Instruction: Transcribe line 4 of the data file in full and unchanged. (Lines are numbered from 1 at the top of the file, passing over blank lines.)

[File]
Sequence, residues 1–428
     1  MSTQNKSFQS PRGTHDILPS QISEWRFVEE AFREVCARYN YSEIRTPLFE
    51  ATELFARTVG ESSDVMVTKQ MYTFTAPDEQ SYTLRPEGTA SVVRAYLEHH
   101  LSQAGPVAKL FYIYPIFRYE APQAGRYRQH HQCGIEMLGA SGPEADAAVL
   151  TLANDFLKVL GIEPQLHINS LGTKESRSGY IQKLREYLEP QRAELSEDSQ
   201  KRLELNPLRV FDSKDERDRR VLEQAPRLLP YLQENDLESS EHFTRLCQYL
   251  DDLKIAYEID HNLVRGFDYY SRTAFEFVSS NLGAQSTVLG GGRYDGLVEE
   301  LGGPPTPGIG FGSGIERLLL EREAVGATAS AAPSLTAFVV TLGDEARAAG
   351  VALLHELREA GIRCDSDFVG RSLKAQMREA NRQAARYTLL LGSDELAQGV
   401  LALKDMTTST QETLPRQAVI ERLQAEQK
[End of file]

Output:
   101  LSQAGPVAKL FYIYPIFRYE APQAGRYRQH HQCGIEMLGA SGPEADAAVL